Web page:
God is the one who saves. Subject, verb, object. God is the subject of the sentence. We are the object of his salvation. We are the recipient. God performs the action. We are described as 'dead in the trespasses and sins' (Eph.2:1); 'slaves of sin' (Rom.6:17); 'foolish, disobedient, led astray, salves to various passions and pleasures' (Tit.3:3). We are told to stand still and watch, because if we start scurrying around trying to help God out, we will only raise a dust cloud that will obscure his glory. We can contribute nothing of worth to our salvation. We are even told to repent of our righteous deeds:
The author of Hebrews tells us that the elementary doctrine of Christ, the foundation that everything else stands on starts with repentance from dead works.
If you are attempting to play a part in your salvation, if you are trying to help God out, STOP! Stop stirring up dust! Stop creating more dead works that you will have to repent of! Salvation belongs to the LORD (Ps.3:8; Jonah 2:9; Rev.7:10; 19:1) Take your place as a spectator to God's salvation. Stop and look. Watch. 'See the salvation of the LORD, which he will work for you'
Hear what God is saying to you. You are loved. You are wanted. You are being fought over. Do you know how good it is to have someone who will fight for you? In college, I was being accused of something I did not do. I was being threatened with legal action. I was scared. Then I was called in to the office of the president of the college. He looked me in the eye across his big desk and asked me if I had done what I was being accused of. He believed I was innocent. He said 'Rodney, if you get any more harassing phone calls, you let me know. I will go to bat for you.'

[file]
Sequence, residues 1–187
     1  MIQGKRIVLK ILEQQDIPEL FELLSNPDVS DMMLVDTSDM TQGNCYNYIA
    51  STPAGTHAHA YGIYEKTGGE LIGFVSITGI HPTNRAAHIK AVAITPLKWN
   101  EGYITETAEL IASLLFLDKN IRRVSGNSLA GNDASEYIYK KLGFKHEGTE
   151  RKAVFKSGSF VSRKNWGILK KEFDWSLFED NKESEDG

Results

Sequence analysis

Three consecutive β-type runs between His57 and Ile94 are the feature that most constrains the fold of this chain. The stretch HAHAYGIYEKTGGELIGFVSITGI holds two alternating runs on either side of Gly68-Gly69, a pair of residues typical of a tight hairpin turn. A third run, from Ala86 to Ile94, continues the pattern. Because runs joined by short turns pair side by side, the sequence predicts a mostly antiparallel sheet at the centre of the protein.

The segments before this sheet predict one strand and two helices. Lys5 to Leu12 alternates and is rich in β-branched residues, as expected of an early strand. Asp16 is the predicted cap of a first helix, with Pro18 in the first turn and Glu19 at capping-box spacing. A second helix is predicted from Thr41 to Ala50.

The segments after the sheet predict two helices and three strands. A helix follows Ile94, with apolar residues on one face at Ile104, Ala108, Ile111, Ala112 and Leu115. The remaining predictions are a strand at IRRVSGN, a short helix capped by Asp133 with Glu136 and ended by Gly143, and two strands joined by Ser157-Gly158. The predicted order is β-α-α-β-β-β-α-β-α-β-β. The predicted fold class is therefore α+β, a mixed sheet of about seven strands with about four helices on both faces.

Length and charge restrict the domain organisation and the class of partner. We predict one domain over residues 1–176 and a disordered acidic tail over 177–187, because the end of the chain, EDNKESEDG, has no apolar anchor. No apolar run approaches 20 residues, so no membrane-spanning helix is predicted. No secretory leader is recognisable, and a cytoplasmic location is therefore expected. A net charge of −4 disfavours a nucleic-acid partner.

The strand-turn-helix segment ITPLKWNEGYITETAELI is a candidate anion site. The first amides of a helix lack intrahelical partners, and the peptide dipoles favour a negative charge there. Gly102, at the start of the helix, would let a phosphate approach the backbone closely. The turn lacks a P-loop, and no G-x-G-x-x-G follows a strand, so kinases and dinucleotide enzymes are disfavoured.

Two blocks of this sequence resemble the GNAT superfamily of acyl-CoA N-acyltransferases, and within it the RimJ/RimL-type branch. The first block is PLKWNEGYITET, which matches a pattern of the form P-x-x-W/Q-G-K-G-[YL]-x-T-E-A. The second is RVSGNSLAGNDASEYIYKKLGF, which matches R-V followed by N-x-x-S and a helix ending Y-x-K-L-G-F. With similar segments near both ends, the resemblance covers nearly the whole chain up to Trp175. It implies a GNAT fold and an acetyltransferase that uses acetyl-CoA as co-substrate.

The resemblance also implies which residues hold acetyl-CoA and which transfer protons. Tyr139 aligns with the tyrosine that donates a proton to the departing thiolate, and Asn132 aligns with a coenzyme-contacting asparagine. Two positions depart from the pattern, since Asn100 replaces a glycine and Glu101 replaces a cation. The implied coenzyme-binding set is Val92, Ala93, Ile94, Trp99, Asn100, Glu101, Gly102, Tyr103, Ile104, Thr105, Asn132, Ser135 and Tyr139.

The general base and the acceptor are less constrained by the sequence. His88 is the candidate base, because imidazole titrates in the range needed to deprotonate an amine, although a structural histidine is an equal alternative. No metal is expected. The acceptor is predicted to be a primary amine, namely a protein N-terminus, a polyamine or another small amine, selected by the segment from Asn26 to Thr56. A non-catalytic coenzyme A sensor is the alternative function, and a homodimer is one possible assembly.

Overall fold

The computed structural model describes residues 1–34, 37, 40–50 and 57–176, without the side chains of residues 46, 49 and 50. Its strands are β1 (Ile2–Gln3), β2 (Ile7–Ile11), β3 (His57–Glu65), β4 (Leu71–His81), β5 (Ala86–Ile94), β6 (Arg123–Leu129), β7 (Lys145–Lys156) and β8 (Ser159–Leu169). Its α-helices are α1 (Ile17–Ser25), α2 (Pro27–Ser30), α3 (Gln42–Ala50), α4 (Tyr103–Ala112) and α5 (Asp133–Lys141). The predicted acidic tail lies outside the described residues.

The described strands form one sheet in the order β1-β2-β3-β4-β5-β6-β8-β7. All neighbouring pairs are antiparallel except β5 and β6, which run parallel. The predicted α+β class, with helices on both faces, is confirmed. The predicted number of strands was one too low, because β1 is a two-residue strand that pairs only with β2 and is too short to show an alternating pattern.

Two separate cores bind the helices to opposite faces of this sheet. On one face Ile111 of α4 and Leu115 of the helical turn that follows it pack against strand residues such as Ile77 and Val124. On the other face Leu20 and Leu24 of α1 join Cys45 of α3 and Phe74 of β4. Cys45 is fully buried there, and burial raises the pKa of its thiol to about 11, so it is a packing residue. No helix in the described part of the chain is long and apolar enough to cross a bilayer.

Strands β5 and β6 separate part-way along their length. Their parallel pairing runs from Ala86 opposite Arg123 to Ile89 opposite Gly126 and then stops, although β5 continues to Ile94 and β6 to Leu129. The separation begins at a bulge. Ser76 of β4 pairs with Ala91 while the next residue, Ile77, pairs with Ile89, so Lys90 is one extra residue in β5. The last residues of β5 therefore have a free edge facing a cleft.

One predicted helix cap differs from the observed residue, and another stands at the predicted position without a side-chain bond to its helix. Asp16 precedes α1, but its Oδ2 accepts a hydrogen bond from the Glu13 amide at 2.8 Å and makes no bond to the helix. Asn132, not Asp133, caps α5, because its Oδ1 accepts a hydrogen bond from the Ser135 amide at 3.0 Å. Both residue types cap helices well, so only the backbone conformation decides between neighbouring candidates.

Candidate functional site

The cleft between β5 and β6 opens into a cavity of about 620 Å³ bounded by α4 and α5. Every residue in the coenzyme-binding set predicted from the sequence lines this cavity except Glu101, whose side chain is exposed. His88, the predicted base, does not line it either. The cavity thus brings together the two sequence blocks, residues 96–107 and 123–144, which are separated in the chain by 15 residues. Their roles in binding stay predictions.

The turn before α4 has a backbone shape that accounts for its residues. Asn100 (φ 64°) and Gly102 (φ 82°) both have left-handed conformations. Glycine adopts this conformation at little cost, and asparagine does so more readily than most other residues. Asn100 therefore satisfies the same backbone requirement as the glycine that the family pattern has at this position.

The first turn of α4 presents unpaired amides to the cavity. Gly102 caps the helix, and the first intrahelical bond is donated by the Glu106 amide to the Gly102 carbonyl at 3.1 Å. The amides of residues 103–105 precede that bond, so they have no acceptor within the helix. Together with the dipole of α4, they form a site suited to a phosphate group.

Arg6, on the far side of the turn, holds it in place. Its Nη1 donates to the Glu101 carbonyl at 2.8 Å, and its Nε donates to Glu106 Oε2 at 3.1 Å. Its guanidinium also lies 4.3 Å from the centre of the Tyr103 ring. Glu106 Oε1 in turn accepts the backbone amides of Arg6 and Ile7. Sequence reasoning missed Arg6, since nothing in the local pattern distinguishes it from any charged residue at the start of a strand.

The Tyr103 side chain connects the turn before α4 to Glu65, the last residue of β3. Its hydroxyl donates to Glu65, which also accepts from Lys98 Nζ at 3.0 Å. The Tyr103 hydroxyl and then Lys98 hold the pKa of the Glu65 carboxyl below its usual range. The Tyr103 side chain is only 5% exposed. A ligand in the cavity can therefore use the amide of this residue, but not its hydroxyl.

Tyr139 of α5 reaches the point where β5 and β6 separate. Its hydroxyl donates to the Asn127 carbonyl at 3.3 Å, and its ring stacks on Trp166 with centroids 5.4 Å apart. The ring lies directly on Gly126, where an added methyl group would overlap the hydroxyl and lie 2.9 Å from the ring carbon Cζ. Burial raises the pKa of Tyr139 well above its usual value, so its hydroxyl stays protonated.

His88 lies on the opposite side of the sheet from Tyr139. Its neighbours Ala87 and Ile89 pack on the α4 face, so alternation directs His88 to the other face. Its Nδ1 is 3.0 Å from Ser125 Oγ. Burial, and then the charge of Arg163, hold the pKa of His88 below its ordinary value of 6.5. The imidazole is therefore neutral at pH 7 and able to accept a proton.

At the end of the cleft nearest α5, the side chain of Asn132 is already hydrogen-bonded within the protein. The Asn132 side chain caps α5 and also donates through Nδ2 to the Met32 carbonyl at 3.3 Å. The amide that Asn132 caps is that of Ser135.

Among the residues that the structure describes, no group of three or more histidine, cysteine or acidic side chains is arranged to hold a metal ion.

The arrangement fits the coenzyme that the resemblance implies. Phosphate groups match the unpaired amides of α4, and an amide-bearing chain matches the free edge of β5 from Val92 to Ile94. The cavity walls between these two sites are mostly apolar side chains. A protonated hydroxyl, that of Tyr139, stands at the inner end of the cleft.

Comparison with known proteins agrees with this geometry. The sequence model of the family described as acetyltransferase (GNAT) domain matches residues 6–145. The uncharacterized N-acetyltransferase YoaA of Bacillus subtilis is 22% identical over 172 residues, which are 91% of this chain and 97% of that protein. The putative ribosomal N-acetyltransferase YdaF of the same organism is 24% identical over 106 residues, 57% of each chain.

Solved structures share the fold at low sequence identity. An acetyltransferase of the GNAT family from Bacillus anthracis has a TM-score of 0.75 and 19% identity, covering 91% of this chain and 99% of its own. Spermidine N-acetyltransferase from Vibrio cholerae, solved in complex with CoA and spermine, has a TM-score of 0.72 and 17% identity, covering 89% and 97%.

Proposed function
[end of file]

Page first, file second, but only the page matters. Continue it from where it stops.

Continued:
Triumph Over their Enemies
They were looking at the situation all wrong. God had said he would harden the hearts of the Egyptians and cause them to pursue his people. God had promised to get glory over the Egyptians. If the Egyptian army had not shown up, if they were left alone in the desert, then the people should have wailed and cried out because God had not kept his word. Had the Egyptian army not come after them, they could be sure they would see them again. But because the Egyptians pursued them, as God had promised they would, they will never be seen again. God's people will be free. Decisively free. Finally free. Free forever.
The LORD saved Israel that day. They saw. They were spectators. They saw their enemies dead on the seashore. They saw the great power that the LORD used against the Egyptians. They did not lift a finger against their enemies. The LORD saved them by himself!
Salvation by Grace Alone Resulting in Faith
Here we see the response of the people to the great salvation that the LORD accomplished for them. They saw, they feared, and they believed. This is a beautiful example of salvation by grace alone. Grace is God's goodness given to undeserving sinners.
God's people were complaining against God, wishing for a return to slavery when God intervened on their behalf. They were totally undeserving. God saved them anyway. That is salvation by grace alone. God's salvation by grace resulted in their faith. They responded to God's grace with fear and belief. His people were beginning in the path of wisdom. They were beginning to fear the LORD. They were beginning to see how awesome he is and it rightly terrified them. And they saw that he is on their side, fighting for them, and they began to trust him. They began to believe. God's gracious salvation resulted in faith. God fought for them when they were ready to defect. God won back the hearts of his people.
Jesus is Salvation
The Hebrew word translated salvation is [ hewvy] yeshuah. This is linked to the Greek name [Ihsouv ] Iesous given in the New Testament. It comes into the English as Jesus